Congressman Takano Discusses Inequality, Empathy

On Wednesday, March 9, at Claremont McKenna College's Athenaeum, Congressman Mark Takona quoted Harper Lee's To Kill a Mockingbird as he talked about poverty, income inequality, and empathy: “You never really understand a person until you consider things from his point of view … until you climb inside of his skin and walk around in it.”

Takano—representative for the 41st district of California, which includes Riverside, Moreno Valley, Jurupa Valley, and Perris—was cognizant of the growing alienation within the income strata in the United States. Many students who attended this talk resonated with his message.

“Congressman Takano painted a compelling portrait of the ways in which income inequality has harmed our society and generated what he called the opportunity gap,” Samuel Breslow PO ’18 said. Breslow also quoted 19th century French poet Antole France, in what he felt encompassed Congressman Takano’s overall talk: “The law, in its majestic equality, forbids rich and poor alike to sleep under bridges, beg in the streets, and steal loaves of bread.”

Takano interwove economic theory, policy, and a humanity that reflected the seriousness and grave reality of his talk. However, his talk was not devoid of hope. Takano's anecdotes and stories reflected the capacity for compassion and understanding within people. As Justin Rodriguez CM ’19 wrote in an email to TSL, “I loved that he said, 'Too long have the fruits of economic growth not affected people who are poor.' For a low income person, I think it's hard to believe in government if you don't see it directly affecting you.”

Takano also allowed attendees to think about their own values, beliefs, and models that they use in their daily lives. “His talk on social safety nets reminds me of John Rawls' idea of ‘Justice as Fairness’ and ‘Veil of Ignorance,’” Sijia Lai CM '19 said. “The idea is that, when thinking about public policies, we can imagine that if we are born into other social groups, what kind of societal support would we want. By imagining that, we can think from others' situations and be more empathetic towards others.”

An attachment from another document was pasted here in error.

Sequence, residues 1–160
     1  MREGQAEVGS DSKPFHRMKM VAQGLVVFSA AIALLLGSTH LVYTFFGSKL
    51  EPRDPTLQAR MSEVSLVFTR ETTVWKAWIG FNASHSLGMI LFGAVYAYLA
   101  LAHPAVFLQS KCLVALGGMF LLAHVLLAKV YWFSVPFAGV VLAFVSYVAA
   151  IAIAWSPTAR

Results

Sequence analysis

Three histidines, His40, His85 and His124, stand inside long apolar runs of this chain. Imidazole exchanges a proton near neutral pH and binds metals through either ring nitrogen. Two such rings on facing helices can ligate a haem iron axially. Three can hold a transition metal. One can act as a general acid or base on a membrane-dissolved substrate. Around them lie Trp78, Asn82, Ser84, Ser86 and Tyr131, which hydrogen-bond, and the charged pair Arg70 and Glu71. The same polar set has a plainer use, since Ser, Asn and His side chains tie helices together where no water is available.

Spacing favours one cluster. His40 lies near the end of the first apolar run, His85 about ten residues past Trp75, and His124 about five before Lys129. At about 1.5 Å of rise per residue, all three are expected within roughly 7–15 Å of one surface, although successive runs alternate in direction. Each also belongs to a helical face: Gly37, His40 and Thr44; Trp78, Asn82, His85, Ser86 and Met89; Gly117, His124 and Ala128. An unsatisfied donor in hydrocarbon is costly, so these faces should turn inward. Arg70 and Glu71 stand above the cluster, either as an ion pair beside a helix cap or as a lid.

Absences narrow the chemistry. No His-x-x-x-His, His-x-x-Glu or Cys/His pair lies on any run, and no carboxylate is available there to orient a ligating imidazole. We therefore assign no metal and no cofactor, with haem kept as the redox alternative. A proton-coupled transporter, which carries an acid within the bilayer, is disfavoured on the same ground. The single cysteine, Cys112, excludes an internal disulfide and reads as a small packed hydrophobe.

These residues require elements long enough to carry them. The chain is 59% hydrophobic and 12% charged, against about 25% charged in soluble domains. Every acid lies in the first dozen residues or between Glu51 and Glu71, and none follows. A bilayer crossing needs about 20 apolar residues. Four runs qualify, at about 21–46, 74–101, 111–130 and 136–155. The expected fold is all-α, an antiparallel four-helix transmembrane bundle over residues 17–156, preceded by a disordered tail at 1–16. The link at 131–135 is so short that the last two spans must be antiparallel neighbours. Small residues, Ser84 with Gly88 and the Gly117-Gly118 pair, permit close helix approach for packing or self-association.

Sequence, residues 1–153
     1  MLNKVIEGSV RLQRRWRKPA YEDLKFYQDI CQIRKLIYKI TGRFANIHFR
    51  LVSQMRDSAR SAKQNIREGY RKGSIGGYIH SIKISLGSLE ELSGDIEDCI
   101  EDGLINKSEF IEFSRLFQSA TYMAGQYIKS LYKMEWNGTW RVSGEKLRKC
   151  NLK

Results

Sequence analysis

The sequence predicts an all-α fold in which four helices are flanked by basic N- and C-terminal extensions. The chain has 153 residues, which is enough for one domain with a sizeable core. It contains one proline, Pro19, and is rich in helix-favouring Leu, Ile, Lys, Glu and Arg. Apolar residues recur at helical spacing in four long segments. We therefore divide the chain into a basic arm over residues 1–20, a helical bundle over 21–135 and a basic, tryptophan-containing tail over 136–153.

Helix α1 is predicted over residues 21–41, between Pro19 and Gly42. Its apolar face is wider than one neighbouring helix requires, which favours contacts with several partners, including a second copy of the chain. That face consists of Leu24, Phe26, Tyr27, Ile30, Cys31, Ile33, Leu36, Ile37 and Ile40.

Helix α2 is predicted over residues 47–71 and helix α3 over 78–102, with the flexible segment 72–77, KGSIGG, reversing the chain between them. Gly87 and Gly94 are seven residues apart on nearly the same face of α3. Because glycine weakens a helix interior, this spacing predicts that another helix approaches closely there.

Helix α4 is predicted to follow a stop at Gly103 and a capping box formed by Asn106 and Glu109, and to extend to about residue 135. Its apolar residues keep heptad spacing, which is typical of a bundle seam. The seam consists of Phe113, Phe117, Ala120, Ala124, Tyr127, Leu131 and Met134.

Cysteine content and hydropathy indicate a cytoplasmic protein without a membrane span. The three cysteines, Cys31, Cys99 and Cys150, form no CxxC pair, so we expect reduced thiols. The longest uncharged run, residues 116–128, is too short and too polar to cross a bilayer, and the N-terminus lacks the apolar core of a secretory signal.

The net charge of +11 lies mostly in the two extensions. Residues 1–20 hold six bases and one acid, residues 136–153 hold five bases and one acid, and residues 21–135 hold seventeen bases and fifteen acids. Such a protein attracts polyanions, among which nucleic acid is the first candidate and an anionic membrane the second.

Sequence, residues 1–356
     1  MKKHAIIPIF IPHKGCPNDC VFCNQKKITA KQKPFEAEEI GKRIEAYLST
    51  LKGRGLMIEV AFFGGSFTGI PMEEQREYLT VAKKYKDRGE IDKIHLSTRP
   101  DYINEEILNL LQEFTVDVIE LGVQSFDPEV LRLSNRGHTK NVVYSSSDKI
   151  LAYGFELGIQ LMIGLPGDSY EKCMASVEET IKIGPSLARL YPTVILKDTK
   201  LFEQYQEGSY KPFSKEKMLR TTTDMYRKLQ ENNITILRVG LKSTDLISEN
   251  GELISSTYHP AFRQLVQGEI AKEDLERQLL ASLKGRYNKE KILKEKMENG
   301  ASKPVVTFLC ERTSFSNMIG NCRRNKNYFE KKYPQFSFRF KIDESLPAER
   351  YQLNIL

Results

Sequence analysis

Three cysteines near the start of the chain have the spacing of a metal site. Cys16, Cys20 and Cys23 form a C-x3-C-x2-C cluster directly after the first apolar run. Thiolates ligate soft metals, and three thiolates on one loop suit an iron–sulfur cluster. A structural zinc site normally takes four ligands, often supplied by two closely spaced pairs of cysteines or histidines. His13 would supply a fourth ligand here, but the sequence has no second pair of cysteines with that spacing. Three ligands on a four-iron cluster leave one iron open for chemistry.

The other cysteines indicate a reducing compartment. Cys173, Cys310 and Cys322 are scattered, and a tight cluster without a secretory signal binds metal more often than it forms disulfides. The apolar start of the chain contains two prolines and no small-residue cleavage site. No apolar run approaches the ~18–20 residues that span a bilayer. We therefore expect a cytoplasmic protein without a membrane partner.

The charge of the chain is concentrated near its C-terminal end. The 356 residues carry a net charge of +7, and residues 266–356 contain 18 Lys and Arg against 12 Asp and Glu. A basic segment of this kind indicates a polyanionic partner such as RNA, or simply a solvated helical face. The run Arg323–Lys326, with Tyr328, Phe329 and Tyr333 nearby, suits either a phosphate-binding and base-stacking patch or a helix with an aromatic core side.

The talk was invigorating in its emphasis on action rather than passivity. It is easy to sometimes feel like a cog in the machine of politics, but Congressman Takano’s talk was a gentle reminder that despite titles, income, or status, we are all people. People have dreams, ideas, and innovations that have a life-changing potential. This is something precious and should not be limited by one’s access to resources. One's actions as part of a nation, as a citizen, and as a person should be not only for self-improvement, but also for the improvement of others. 

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